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Be My Partner, and I Will Be Yours: Faith and Family Work in Early Marriage
Unformatted Document Text:  arrangements for household work as somewhat fair to them. This average changes little in Model 2 (when marriage type is introduced as a level 2 predictor) or in Model 3 (when race and education are added as level 2 predictors). In the full model, however, the average increases by three-tenths of a point to 2.292, a slight increase in perceived fairness among wives. Still, it seems that most wives see the arrangement of household work as somewhat fair to them. Does religious commitment influence perceptions of fairness between wives? Model 1 suggests that it does; those who are more religious are also more likely to perceive the division of household chores as fair ( β 01 = 0.107). This relationship persists, and strengthens slightly, when marriage type, race, and education are added in Models 2 & 3 ( β 01 = 0.111 in Model 2 & β 01 = 0.125 in Model 3). Once the additional level-1 predictors are added in Model 4, however, the relationship weakens to β 01 = 0.072 but remains statistically significant. How strong is this relationship? The wife whose religious commitment is one standard deviation above the mean (0.96 points) perceives the fairness of the division of household labor as 0.069 points higher than the “average” wife. That is, compared to the wife with average levels of religious commitment, the perceived fairness of the more religious wife would be 2.26 (vs. 2.19), merely 7.5% of one standard deviation in perceived fairness. Thus, although differences religious commitment are related to differences in perceived fairness among wives, their relationship is fairly weak. Do other factors predict differences between wives in their perceptions of the fairness of household work? Examination of Models 2 through 4 indicates that neither marriage type nor race are significantly related to wives’ perceptions of fairness. Even when included in the full model, beliefs about gender and marriage also are not related to perceived fairness among wives. Yet several factors do matter. The share of household work that wives perform is a strong predictor of their perceptions of the fairness of household work ( β 0,10 = -1.482), as is their share of paid work ( β 09 = -0.313). Thus, wives who take more responsibility for household work than their peers, as well as those who take more responsibility for paid work, have lower perceptions of the fairness of household work. The presence of preschoolers also effects perceptions of fairness; wives in households with preschoolers are less likely to Julia Wilson 10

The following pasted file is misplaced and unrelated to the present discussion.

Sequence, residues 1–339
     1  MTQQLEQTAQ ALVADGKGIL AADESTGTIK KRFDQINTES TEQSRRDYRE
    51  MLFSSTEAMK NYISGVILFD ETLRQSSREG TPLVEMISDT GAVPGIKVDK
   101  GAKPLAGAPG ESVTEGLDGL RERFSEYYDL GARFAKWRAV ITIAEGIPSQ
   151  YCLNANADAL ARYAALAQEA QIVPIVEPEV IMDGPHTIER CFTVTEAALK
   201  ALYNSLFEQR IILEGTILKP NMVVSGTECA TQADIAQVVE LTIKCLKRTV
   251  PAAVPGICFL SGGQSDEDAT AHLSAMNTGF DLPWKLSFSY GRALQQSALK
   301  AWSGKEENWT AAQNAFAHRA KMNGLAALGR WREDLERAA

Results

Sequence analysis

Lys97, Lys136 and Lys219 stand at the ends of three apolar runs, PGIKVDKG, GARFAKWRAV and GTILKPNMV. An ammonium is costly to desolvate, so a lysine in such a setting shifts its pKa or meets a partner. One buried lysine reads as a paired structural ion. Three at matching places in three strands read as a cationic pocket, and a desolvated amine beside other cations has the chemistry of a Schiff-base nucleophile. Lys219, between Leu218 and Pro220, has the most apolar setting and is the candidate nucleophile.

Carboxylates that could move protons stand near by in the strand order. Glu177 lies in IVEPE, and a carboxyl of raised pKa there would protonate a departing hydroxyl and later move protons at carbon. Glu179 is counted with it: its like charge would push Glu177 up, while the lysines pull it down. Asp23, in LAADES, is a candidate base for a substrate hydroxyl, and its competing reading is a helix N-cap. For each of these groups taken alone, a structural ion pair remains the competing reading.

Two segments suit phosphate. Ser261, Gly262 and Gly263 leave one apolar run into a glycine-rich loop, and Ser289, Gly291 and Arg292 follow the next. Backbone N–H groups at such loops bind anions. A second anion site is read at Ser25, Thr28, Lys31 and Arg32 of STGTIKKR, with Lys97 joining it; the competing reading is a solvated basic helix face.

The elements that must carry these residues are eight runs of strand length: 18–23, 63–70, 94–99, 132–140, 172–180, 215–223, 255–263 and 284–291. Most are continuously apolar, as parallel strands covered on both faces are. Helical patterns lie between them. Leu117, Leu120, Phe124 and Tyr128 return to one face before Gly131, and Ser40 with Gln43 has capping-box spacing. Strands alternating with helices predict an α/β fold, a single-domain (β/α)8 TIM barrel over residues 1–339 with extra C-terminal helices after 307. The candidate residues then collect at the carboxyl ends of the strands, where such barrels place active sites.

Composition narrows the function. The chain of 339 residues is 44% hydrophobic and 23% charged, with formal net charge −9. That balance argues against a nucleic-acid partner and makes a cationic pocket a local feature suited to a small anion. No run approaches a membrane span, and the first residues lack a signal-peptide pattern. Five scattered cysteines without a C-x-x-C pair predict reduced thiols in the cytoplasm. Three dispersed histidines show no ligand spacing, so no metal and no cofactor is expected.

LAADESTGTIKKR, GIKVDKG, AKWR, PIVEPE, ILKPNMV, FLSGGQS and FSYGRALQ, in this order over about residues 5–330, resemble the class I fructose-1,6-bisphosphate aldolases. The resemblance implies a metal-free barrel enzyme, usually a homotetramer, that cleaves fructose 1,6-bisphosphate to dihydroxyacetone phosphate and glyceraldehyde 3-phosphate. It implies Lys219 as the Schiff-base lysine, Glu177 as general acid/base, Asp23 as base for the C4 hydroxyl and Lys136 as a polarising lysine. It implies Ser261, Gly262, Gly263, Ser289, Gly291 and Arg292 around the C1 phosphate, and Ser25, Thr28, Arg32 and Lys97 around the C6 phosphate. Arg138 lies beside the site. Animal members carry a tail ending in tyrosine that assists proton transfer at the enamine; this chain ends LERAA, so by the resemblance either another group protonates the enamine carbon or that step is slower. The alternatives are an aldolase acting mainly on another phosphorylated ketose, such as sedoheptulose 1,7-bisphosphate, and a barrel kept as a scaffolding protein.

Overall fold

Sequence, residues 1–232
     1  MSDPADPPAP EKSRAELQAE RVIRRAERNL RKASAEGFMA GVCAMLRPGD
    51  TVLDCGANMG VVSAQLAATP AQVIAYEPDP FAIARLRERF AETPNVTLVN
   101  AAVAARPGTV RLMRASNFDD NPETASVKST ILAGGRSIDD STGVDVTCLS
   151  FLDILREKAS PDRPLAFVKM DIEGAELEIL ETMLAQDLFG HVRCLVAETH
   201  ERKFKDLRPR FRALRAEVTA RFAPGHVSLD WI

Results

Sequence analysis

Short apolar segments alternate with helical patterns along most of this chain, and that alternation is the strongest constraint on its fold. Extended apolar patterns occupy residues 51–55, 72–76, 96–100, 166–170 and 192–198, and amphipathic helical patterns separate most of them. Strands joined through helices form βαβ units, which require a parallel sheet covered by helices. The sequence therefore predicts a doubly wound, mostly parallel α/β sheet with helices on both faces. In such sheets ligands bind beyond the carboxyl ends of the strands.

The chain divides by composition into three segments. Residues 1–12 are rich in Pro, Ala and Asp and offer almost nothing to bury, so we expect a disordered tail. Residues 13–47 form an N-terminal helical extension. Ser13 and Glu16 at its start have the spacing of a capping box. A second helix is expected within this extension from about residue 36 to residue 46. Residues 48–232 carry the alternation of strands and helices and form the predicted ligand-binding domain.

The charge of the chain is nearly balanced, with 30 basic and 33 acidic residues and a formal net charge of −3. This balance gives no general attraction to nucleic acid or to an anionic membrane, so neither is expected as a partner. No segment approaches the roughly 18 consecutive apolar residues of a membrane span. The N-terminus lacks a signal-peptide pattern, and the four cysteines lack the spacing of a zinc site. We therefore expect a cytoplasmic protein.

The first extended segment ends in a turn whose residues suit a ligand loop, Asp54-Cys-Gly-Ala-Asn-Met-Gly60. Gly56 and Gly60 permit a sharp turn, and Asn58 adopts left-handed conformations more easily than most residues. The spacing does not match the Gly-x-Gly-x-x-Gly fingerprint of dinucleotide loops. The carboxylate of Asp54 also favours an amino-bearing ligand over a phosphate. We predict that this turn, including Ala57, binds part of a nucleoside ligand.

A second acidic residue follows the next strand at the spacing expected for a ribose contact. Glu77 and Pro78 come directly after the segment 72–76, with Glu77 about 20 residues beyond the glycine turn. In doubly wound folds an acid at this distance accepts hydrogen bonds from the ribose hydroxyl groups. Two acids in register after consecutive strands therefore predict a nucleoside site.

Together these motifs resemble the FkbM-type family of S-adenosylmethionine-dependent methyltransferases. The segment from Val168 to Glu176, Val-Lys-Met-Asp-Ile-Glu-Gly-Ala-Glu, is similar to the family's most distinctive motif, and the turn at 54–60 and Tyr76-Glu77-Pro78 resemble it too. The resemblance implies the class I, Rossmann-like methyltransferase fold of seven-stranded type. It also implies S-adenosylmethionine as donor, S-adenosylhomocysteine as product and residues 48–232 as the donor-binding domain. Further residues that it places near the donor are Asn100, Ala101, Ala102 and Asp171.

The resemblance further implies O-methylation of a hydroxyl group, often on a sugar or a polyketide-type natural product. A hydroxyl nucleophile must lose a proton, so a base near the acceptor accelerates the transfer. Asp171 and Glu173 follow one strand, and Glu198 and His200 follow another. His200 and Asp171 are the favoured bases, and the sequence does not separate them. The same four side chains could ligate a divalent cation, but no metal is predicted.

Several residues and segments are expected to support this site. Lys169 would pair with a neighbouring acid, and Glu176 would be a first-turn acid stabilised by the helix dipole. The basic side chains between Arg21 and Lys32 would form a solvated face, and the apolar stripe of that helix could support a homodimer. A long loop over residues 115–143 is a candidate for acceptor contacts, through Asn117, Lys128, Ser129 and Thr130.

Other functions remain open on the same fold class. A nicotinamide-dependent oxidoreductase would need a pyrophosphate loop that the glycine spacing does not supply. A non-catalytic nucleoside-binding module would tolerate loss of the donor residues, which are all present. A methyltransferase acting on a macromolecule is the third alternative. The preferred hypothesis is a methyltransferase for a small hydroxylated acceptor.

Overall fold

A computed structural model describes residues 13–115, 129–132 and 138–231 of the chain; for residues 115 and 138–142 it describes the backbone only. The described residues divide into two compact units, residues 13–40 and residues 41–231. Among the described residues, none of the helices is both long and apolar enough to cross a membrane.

Authors: Wilson, Julia.
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arrangements for household work as somewhat fair to them. This average changes little in Model 2
(when marriage type is introduced as a level 2 predictor) or in Model 3 (when race and education are
added as level 2 predictors). In the full model, however, the average increases by three-tenths of a point
to 2.292, a slight increase in perceived fairness among wives. Still, it seems that most wives see the
arrangement of household work as somewhat fair to them.
Does religious commitment influence perceptions of fairness between wives? Model 1 suggests
that it does; those who are more religious are also more likely to perceive the division of household
chores as fair (
β
01
= 0.107). This relationship persists, and strengthens slightly, when marriage type,
race, and education are added in Models 2 & 3 (
β
01
= 0.111 in Model 2 &
β
01
= 0.125 in Model 3). Once
the additional level-1 predictors are added in Model 4, however, the relationship weakens to
β
01
= 0.072
but remains statistically significant.
How strong is this relationship? The wife whose religious commitment is one standard deviation
above the mean (0.96 points) perceives the fairness of the division of household labor as 0.069 points
higher than the “average” wife. That is, compared to the wife with average levels of religious
commitment, the perceived fairness of the more religious wife would be 2.26 (vs. 2.19), merely 7.5% of
one standard deviation in perceived fairness. Thus, although differences religious commitment are
related to differences in perceived fairness among wives, their relationship is fairly weak.
Do other factors predict differences between wives in their perceptions of the fairness of
household work? Examination of Models 2 through 4 indicates that neither marriage type nor race are
significantly related to wives’ perceptions of fairness. Even when included in the full model, beliefs
about gender and marriage also are not related to perceived fairness among wives. Yet several factors do
matter. The share of household work that wives perform is a strong predictor of their perceptions of the
fairness of household work (
β
0,10
= -1.482), as is their share of paid work (
β
09
= -0.313). Thus, wives who
take more responsibility for household work than their peers, as well as those who take more
responsibility for paid work, have lower perceptions of the fairness of household work. The presence of
preschoolers also effects perceptions of fairness; wives in households with preschoolers are less likely to
Julia Wilson
10


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